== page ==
The relationship between one-time allies, Malaysia and United Arab Emirates seem to be coming under great strain. Malaysia's state fund 1Malaysia Development Berhad and Abu Dhabi's sovereign wealth fund, International Petroleum Investment Company have again crossed swords. This time they have both accused each other of failing to make payments on their obligations.
IPIC, in an announcement to the London Stock Exchange, said that 1MDB had failed to make a $1.1bn payment as part of a debt-restructuring agreement. As a result of this, it said the deal between both funds has been terminated.
IPIC had guaranteed $3.5bn of 1MDB's bonds four years ago. When the fund was short of cash, IPIC agreed to an emergency billion-dollar loan. It also promised to continue making interest payments on the same bonds it had guaranteed.
In return, 1MDB had agreed to transfer undisclosed assets to the Abu Dhabi fund. In its LSE statement, IPIC accused 1MDB and the Minister of Finance Inc. Malaysia of being in default. In addition, it said IPIC and its subsidiary, Aabar Investments PJS's obligations under the deal are no longer in place.
However, it insisted that both 1MDB and the Malaysian Ministry of Finance "continue to be bound by their respective obligations under the terms" of the deal, which includes their continued indemnification of IPIC and Aabar for any non-performance. The fund said that it had given 1MDB the chance "to remedy their defaults without success."
In its statement, IPIC said it is considering all its options, including referring the case to the "appropriate resolution forum." It did not give details.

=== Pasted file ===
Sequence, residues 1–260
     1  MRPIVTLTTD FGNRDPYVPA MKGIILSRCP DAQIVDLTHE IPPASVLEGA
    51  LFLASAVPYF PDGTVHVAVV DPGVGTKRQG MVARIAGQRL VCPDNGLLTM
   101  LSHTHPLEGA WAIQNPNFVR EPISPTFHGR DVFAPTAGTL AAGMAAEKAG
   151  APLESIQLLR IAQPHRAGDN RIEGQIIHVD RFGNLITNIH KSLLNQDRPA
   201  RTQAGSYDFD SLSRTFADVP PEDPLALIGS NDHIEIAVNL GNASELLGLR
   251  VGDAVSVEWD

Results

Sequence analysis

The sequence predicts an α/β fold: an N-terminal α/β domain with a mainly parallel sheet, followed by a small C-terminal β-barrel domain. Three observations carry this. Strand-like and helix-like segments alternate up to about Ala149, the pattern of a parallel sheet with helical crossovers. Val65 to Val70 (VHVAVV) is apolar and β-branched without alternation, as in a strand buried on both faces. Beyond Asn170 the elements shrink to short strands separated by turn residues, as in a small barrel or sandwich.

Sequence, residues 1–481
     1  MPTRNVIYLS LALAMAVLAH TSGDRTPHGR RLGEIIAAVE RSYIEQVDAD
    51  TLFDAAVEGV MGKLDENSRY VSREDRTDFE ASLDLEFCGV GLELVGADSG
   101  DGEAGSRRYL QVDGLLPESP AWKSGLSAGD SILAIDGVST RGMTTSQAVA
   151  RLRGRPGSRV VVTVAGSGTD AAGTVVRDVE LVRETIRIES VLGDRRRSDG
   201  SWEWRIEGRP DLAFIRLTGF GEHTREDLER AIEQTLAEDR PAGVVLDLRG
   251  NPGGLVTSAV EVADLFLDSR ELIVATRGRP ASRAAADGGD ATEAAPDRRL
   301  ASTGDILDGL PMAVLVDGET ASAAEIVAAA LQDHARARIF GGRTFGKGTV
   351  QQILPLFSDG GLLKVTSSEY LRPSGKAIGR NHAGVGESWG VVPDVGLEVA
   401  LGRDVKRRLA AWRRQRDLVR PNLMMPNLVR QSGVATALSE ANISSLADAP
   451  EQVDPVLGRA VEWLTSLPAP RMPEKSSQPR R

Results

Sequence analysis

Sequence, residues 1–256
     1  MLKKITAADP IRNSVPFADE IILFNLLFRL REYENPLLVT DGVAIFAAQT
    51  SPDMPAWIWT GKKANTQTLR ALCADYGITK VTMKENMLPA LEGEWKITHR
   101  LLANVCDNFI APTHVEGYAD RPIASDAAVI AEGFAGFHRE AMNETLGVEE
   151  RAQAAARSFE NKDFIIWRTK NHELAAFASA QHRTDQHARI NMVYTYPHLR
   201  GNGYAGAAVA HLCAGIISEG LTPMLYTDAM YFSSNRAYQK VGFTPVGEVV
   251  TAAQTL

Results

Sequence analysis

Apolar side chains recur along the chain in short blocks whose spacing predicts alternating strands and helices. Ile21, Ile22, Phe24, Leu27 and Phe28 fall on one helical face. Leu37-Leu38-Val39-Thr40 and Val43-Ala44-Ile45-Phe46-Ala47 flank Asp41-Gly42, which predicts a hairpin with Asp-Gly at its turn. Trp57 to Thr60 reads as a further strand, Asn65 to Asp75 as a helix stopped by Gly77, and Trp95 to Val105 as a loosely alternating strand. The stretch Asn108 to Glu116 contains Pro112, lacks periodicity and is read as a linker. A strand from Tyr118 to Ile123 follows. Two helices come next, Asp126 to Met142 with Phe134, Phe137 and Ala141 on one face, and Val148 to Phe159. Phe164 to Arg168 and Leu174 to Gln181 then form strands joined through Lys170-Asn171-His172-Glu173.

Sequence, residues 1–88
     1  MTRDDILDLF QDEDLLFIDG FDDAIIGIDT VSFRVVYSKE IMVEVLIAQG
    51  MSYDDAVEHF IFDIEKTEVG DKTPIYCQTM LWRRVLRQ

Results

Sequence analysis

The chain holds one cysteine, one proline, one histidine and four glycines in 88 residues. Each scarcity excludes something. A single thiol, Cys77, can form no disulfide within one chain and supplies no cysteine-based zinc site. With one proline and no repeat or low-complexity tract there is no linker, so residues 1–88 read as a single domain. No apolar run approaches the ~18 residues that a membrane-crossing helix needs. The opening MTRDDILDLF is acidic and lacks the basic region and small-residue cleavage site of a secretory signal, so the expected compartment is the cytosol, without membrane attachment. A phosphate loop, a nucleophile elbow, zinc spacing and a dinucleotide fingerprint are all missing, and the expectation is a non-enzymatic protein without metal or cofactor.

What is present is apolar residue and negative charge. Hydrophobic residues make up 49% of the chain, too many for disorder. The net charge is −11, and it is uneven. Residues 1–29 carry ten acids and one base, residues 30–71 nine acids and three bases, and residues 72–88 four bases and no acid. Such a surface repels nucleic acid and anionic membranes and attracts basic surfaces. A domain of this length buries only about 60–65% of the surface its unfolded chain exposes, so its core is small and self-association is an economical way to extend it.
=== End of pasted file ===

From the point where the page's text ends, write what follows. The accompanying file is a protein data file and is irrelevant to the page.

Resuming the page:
1MDB however, in a statement of its own noted that "a dispute has recently arisen between IPIC" and 1MDB's energy arm and bond issuer, 1MDB Energy (Langat) Limited over each other's obligations under the agreement.
"Consequently, as of the time of this statement, the Issuer understands IPIC has not paid the interest. 1MDB wishes to make clear that it and its group entities will meet all of their other obligations under any other financing arrangements and have ample liquidity to do so," the state fund's statement said.
It is understand that as part of its deal, IPIC was to have made a $50m interest payment on 18 April to bondholders but has said it will not make the payment. 1MDB told the Malaysia's Ministry of Finance that it could make the $50m payment but that if it does so, it would hurt the negotiations with IPIC.
Separately, Malaysia's Ministry of Finance said in a statement on the same day that it had been notified of the dispute between both parties. It said: "The MoF wishes to make clear that it will continue to honour all of its outstanding commitments in the financial markets." No other details were given.
1MDB pays off other debts
1MDB also announced that it had prepaid in full and in advance of the repayment date of a RM2bn facility from Marstan Investments NV. The facility, entered into in February last year, was aimed at raising funds to repay RM2bn of debt owed to a syndicate of domestic banks.
"The facility was arranged by 1MDB by Tanjong, as an alternative commitment by Tanjong, to invest RM2bn of equity in 1MDB subsidiary, Powertek Investment Holdings Sdn Bhd," it said.
The state fund also announced that it had repaid a $150m term financing facility from EXIM Bank, again ahead of the repayment date. "1MDB has now fully repaid all its bank debt and short term debt," the fund said in a statement.
It said that over the past four weeks, it had announced debt principal repayments of around RM7.5bn. "1MDB retains a cash surplus of approximately RM2.3bn for infrastructure and other debt service requirements."